As girls from Gymnastics Lane worked on vault, John Roethlisberger stopped what he was doing, helped out and encouraged them to constantly work on their skills.
The three-time Olympic gymnast’s action impressed Gymnastics Lane owner and coach Angie Mellencamp.
“There were Level 10 gymnasts there and collegiate gymnasts there working out, and he took the time to come over and break down a front handspring vault,” she said. “That’s fabulous.”
Another time, Mellencamp and fellow Gymnastics Lane coaches Julia Wilde and Liz Copeland had their girls on beam to warm up for a dance when Carly Patterson, another Olympic gymnast, offered to help.
“When the kids were done, it was like, ‘Oh, that wasn’t as much fun as the dancing, but it was really cool that we got warmed up by an Olympian, and she showed us how she did her things,’” Mellencamp said. “You just don’t get that interaction every day.”
Danell Leyva, who is currently training for the 2016 Olympics, later showed off some of his skills, and he also spent time with the kids outside of the gym, including playing soccer and canoeing.
“It was so nice to see because a lot of times, what I’ve seen when I go, you see these Olympians who have a hard time interacting with the young kids. But he just jumped right in,” Wilde said of Leyva. “He was fabulous, and he just made the kids feel like he was just another person.”
One day, the three gymnasts along with fellow Olympic gymnast John Macready gathered with everyone on the spring floor to watch a video of their Olympics routines and answer a variety of questions.
Ever since the three coaches and 12 gymnasts from Gymnastics Lane in Seymour returned from Flip Fest Summer Camp in Crossville, Tennessee, Mellencamp said she has been singing its praises.
“Where would you ever have the opportunity to sit down with four Olympians as a kid in the sport and ask those questions?” Mellencamp said. “Not every gymnast will ever have the opportunity to meet an Olympian because the population of the sport that gets to go to the Olympics is less than 1 percent, and you’re in a place where there’s four right in front of your face. It was an amazing experience.”
This was the third time Mellencamp has taken a group to the camp, which is conducted from May to August and features different Olympians each week.
Roethlisberger and Macready started the camp in 2005 after becoming friends through their training and travels with gymnastics.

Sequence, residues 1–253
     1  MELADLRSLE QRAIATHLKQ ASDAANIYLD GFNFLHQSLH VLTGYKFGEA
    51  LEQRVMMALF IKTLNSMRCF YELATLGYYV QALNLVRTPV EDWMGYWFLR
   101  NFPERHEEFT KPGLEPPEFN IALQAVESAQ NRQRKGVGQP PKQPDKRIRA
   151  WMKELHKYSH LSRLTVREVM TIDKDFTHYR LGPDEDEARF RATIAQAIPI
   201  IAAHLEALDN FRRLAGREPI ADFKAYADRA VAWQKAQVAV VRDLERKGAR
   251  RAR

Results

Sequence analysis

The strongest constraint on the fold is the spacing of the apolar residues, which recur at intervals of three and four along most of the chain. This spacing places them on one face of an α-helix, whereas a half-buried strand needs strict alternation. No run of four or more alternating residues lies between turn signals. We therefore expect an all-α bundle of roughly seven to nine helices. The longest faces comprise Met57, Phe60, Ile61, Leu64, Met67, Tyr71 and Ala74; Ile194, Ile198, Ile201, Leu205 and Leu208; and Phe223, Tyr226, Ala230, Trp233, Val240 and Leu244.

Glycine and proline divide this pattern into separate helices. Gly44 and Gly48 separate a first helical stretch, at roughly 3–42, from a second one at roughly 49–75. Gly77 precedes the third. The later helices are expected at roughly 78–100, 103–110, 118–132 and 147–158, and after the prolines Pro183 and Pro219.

Flip Fest is conducted in a large complex in the middle of a wooded area next to Lake Frances that contains more than 20 beams and nearly eight vault runways.
Each day, campers spend around eight hours in the gym working with the Olympians, other gymnasts and collegiate and Olympic coaches.
The rest of each day is spent doing fun activities, including a dance party with a disc jockey, canoeing, tubing and hiking.
“It really is the Disneyland for gymnasts. It is one of the happiest places for a gymnast to go,” Mellencamp said. “You do everything you get to do at camp. But on top of it, they are in an elite facility with an elite coaching staff for eight hours a day.”
As far as working in the gym, Lucy Travis said she learned more about doing front tucks into a pit, while Kayli Carter became comfortable doing a back tuck by herself.
Also, Rylee Barnard and Ivy Brown both said they learned how to be tighter and cleaner on beam, Bella Lucas said she was able to speed up her vault and learn new skills on floor and Adelynn Anderson improved her skills on beam and floor.
Campers also learned a choreographed dance early in the week and practiced it every day before performing it during the closing ceremony. That was Macie Hankins’ favorite aspect of camp.
“We had a lot of people in the audience,” she said. “It helps me have belief in myself.”
The other gymnasts said they liked the activities outside of the gym. For Karrigon Mails, it was mud tug-of-war, while Triniti Wilde liked the scavenger hunt, and Asa Blanton’s favorite was the dance party.
The camp also was a learning experience for the Gymnastics Lane coaches, as they participated in clinics and received tips to take back to their own gym.
Mellencamp said she told the Olympians how much she appreciated the experience.
“I said, ‘These kids look up to you guys so much and follow you guys around. I hope you see that behind the kids are the coaches because we look up to guys just as much as they do,’” she said. “The odds of me getting a road to the Olympics is slim. But to be able to feel like I had a part of something that was Olympic caliber, that’s what the camp gives you. It really gives you that Olympic feel.”
Flip Fest offers a fall adventure camp in November, and Mellencamp said she would like to take girls to that. Through connections she made, Mellencamp said a collegiate coach may come to Seymour to help with a clinic, and it’s possible that some of the Olympians may come by sometime, too.
Then next year, she hopes to take another group to the summer camp.
“I’m very much looking forward to going back next year, hoping to even take more,” Mellencamp said. “I plan on taking kids and staff every year.”
Gymnastics Lane, 1849 First Ave., Seymour, is hosting a Flippin’ Funtastic Carnival from 10 a.m. to 2 p.m. Saturday.
The carnival will include six bounce houses, food, shaved ice, old-fashioned carnival games, a dunk tank and more. The gym will be open if you wish to try out your gymnastics skills indoors.
Bracelets are $30 and may be purchased the day of the carnival. Sibling bracelets may be purchased for $10 each.
The event also will feature a silent auction and several vendors.
Proceeds will help send Gymnastics Lane coaches to a national gymnastics training camp in Indianapolis this year.